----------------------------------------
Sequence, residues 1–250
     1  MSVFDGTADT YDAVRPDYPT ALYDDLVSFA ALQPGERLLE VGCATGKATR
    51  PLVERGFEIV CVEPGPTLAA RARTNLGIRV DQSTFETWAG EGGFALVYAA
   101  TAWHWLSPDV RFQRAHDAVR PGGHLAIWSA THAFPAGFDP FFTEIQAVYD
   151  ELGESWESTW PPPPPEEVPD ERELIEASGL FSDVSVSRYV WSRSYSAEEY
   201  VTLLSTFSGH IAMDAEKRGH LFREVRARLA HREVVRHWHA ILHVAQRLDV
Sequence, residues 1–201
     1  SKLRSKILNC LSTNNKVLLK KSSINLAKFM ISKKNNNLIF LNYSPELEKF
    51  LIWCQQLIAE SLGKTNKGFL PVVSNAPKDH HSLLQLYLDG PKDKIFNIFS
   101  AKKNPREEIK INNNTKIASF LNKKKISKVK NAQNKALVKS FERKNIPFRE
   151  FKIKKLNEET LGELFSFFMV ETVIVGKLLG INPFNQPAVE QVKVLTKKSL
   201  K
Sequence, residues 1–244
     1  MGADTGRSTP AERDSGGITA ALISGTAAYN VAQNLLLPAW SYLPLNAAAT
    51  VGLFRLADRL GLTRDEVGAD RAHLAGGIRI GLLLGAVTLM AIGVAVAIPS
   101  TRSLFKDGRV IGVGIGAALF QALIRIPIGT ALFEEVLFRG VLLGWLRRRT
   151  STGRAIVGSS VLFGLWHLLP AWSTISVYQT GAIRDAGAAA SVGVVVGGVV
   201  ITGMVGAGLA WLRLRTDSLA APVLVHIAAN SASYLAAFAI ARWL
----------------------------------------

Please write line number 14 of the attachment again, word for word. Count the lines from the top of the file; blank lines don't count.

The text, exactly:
     1  MGADTGRSTP AERDSGGITA ALISGTAAYN VAQNLLLPAW SYLPLNAAAT